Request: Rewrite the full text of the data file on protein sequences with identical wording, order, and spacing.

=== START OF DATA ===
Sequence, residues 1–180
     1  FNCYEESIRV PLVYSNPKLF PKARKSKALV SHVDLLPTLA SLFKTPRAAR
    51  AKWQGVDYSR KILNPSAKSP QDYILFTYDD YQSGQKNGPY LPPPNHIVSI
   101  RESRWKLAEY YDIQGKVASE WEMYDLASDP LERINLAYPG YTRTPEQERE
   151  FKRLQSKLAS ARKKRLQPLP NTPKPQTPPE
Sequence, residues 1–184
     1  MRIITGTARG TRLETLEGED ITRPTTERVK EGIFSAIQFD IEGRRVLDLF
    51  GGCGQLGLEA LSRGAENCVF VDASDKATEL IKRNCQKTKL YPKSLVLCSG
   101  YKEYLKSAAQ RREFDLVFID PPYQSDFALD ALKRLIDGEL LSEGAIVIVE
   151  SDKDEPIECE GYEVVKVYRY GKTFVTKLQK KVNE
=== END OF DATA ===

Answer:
Sequence, residues 1–180
     1  FNCYEESIRV PLVYSNPKLF PKARKSKALV SHVDLLPTLA SLFKTPRAAR
    51  AKWQGVDYSR KILNPSAKSP QDYILFTYDD YQSGQKNGPY LPPPNHIVSI
   101  RESRWKLAEY YDIQGKVASE WEMYDLASDP LERINLAYPG YTRTPEQERE
   151  FKRLQSKLAS ARKKRLQPLP NTPKPQTPPE
Sequence, residues 1–184
     1  MRIITGTARG TRLETLEGED ITRPTTERVK EGIFSAIQFD IEGRRVLDLF
    51  GGCGQLGLEA LSRGAENCVF VDASDKATEL IKRNCQKTKL YPKSLVLCSG
   101  YKEYLKSAAQ RREFDLVFID PPYQSDFALD ALKRLIDGEL LSEGAIVIVE
   151  SDKDEPIECE GYEVVKVYRY GKTFVTKLQK KVNE